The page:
Windows XP - Change Power Settings
Welcome to this Windows XP tutorial on how to change Windows XP power settings. You may want to change the power settings to save on power or stop the computer going to sleep.
- Click the images to see a larger version
- Yellow arrows or circles indicate where to look or click
- Unless specified otherwise use the 'left' mouse button to click
Windows XP - Change Power Settings
With your computer logged into Windows you should have the desktop loaded. In the lower left corner of the screen click the 'Start' button. A vertical menu will pop up.
On the right of the pop up start menu are many commonly used items. As pictured 'Control Panel' is one of these items.
Click the 'Control Panel' option on the start menu.
The control panel will load showing all of the available settings. You will see an icon for 'Power Options' which we have highlighted in the picture.
With your mouse, double click the 'Power Options' icon.
The power options properties window will appear.
You will see four tabs along the top of the power options properties window. The First one is 'Power Schemes'.
You can create a power scheme or amend an existing one to configure the power options to suit your preference.
You can see in the example shown that our power settings are to never turn off the monitor or hard drive and never go into standby.
If you click the drop down box labelled 'Power Schemes' currently showing Home/Office Desk a menu will appear with other schemes available.
If you select a scheme for example 'Max Battery' which is good for laptop computers that need to save as much power as possible, you will see how this affects the time out settings.
Our scheme for Max Battery is selected and you can see that the monitor is going to turn off after 15 minutes of idle activity and the system will go inot standby after 20 minutes of inactivity.
The default for Windows XP is for the monitor to power off after 20 minutes.
You can change the time settings too. If you click the drop down box next to the function you wish to change like in our example you can select the time it becomes effective.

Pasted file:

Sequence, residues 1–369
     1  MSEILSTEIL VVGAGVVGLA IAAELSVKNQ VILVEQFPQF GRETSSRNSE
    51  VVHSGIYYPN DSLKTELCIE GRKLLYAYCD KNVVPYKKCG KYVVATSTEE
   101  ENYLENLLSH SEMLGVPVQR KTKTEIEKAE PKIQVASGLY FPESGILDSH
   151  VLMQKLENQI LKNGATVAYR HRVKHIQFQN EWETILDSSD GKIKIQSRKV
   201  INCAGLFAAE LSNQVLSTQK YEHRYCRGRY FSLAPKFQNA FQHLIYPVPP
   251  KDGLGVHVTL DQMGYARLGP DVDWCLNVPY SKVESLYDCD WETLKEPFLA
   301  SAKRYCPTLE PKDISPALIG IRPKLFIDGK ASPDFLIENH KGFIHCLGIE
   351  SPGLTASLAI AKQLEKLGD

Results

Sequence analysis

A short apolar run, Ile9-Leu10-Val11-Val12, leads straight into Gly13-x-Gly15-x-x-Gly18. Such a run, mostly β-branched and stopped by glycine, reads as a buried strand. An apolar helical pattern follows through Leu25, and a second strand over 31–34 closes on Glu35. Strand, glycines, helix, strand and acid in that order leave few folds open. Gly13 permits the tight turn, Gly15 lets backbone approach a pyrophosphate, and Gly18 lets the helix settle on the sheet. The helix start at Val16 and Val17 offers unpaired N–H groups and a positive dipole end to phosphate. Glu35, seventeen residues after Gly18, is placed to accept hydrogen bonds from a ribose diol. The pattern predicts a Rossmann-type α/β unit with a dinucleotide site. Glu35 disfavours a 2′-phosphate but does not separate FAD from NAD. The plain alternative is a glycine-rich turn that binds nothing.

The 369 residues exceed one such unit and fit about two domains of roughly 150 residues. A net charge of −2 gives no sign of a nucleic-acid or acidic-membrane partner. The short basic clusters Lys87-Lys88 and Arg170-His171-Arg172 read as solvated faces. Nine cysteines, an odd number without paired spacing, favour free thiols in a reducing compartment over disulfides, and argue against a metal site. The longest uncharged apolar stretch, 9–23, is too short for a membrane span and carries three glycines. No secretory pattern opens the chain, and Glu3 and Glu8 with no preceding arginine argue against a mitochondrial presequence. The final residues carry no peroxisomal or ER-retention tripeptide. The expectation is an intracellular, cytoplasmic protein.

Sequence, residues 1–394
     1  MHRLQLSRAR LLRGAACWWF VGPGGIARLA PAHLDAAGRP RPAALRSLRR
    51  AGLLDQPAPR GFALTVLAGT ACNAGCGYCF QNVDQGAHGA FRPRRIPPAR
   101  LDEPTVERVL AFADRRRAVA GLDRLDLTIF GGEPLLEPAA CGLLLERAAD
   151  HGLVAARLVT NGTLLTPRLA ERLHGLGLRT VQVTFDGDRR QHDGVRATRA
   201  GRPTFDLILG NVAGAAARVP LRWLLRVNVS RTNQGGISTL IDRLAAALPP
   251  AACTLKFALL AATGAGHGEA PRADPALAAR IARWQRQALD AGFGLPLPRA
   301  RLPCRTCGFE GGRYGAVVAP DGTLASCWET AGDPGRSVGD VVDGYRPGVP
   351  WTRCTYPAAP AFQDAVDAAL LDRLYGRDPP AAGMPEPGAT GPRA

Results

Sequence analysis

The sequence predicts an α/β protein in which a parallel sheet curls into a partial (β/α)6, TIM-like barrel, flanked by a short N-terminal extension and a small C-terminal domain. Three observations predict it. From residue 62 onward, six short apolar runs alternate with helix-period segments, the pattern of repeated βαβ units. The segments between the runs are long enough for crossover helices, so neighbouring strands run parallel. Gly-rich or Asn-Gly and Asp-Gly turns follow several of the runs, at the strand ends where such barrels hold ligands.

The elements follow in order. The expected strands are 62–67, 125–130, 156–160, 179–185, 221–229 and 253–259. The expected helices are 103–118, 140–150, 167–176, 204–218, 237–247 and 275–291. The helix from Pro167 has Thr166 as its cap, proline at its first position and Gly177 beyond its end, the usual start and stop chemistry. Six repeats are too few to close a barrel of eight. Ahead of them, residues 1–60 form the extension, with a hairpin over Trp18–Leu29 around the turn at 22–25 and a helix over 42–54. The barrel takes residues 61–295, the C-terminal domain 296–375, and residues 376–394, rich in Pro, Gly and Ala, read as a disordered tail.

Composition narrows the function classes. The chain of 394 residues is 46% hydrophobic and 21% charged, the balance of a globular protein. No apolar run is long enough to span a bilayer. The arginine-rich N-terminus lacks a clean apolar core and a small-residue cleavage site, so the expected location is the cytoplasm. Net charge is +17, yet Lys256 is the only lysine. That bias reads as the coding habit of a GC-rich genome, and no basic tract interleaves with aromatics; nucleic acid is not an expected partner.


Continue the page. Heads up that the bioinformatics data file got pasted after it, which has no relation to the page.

Once you have selected a time for turning off the monitor or hard drives, or standby you can click the 'Save As' button and type a name to save the scheme or you can press the 'Apply' or 'Ok' button at the bottom of the power options window.
From the top of the power options window, click the 'Advanced' tab.
At the top of the box you will see the options to 'Always show icon on the taskbar' and 'Prompt for password when computer resumes...'.
On a laptop it is handy to see the power icon on the taskbar as you can check to see if there is enough battery power left. On a desktop computer I hope you're not running on batteries so you shouldn't need to tick the 'Show icon on the taskbar' option.
The 'Prompt for Password when computer resumes' option can be handy for when you leave the room and a long time elapses. If you didn't want someone else to access your computer whilst you are away from it then this option will prompt for the password when someone presses a key or moves the mouse (assuming it has gone into standby or sleep).
Near the bottom of the window is the power button setting. You can choose what happens when you press the power button on the computer.
These settings only take effect whilst you press the button in Windows.
As pictured, you can choose for the computer to 'Shut Down', 'Stand By', 'Ask Me What to Do' ,'Do Nothing'.
From the top of the power options window click the 'Hibernate' tab.
There is only one option here to choose and that is to either enable hibernation or don't!
Hibernation is a good feature that can save you energy but saves you time too. Hibernation uses part of your hard drive to write the current status of your computer, including open files and programs, and then puts your computer to sleep. When the computer wakes up it opens everthing that was open previously.
The final tab along the top is 'UPS' which stands for Uninterruptible Power Supply. This is probably not something most people will ever use. It is a device that protects your computer against power surges and cuts and you can configure it on this final tab of power options.
For most UPS's though they are configured through the software they are provided with.
Once you selected the options required under power options you can click the 'Ok' button to close the power options window.